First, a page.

• Adhere to government, industry, and internal compliance requirements
    Failing to meet compliance requirements has significant repercussions, including fines, suspension of licenses, and loss of ability to process credit cards. Most organizations are subject to multiple regulations, most of which have specific data security requirements.
  • Meet customers’ expectations and protect the organizations’ reputation
    A data breach can lead to customer churn as well as irreparable damage to brand reputation—for the organization and its leadership team. When a data breach occurs, there is an erosion of trust, especially when individuals’ sensitive information is compromised.
  • Prevent disruptions to operations
    Lost, stolen, modified, or maliciously encrypted (i.e., ransomware) data can cause disruptions that impact productivity and grind operations to a halt at worst. In addition, time spent recovering from a breach in data security takes up an IT team’s limited time and resources.
  • Avoid financial loss
    Fines and lost revenue can be surprisingly high. Add to this the cost of lost productivity, and it can be a crushing blow to organizations, a number of which will not be able to sustain it.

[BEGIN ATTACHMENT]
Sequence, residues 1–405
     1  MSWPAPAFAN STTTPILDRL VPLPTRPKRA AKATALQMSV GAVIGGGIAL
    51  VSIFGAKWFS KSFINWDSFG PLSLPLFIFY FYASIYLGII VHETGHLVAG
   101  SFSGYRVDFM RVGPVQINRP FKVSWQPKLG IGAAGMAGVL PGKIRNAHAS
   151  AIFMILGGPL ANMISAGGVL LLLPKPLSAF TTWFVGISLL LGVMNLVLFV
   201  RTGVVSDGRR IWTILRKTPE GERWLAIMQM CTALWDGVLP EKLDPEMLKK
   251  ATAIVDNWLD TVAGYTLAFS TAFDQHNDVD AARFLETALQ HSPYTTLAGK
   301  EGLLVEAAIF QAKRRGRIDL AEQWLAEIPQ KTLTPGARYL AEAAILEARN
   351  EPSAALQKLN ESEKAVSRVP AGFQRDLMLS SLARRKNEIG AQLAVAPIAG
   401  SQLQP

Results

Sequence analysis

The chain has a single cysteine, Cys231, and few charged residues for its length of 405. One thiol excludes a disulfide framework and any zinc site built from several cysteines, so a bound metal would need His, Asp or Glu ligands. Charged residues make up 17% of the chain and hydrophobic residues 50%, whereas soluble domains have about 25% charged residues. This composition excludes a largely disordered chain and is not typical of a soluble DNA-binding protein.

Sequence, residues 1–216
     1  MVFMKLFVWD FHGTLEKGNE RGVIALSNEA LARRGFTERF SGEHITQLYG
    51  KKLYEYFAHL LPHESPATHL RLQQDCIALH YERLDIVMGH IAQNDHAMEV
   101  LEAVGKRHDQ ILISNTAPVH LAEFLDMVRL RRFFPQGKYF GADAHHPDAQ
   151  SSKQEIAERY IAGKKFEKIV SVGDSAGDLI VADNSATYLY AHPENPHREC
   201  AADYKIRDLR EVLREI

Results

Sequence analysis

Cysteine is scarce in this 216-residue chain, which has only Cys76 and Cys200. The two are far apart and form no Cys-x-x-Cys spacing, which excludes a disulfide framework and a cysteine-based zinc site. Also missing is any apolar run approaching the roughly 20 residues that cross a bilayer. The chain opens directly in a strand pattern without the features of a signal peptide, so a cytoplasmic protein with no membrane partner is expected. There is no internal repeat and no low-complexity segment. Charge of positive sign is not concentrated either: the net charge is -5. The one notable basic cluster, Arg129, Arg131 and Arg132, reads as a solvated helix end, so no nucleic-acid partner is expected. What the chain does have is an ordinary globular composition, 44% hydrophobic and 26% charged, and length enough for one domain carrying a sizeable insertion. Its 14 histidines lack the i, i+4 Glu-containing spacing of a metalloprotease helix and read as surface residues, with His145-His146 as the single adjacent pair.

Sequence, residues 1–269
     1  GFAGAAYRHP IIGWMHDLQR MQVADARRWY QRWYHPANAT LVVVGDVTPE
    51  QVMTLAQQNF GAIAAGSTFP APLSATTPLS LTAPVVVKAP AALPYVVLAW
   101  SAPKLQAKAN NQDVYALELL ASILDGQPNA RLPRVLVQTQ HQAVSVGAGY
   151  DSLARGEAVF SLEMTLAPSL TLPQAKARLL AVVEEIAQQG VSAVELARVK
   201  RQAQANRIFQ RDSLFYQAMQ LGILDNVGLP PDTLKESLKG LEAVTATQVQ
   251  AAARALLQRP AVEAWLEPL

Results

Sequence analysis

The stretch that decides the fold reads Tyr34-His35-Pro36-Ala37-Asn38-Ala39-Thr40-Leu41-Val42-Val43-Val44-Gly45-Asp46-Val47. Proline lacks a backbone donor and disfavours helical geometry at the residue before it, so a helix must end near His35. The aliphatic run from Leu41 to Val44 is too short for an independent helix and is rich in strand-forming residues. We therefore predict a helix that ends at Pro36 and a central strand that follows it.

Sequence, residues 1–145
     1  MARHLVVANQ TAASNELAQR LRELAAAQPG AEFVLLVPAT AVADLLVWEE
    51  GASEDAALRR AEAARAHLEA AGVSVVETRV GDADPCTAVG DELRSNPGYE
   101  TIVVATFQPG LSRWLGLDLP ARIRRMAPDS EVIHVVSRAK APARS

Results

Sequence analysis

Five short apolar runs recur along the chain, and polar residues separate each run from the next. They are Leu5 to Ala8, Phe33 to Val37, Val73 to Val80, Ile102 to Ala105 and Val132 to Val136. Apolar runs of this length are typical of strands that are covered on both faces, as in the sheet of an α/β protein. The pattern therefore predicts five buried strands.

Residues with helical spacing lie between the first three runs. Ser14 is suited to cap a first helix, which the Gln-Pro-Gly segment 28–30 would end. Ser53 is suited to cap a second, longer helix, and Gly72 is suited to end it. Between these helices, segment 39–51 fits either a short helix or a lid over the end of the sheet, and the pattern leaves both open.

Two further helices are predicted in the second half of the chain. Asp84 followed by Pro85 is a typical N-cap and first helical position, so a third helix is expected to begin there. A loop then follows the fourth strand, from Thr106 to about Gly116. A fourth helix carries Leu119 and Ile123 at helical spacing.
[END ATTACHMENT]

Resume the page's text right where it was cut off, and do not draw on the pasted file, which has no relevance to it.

Types of Data Security

There are many types of data security, each designed to provide protection from a variety of threats across a range of users, devices, and applications. Since no one solution can address all data security requirements, different types of data security are used together to mitigate risk and prevent attacks. Among the types of data security most commonly used are the following: 

  • Proactive data security that tracks known threats and vulnerabilities and then scans to detect and deter them before they can be used for an exploit. These include:
    • Anti-virus, anti-malware protection 
    • Email security 
    • Endpoint protection, endpoint security
    • URL filtering 
    • Vulnerability assessment tools
  • Preventative data security that provides protection from threats, including: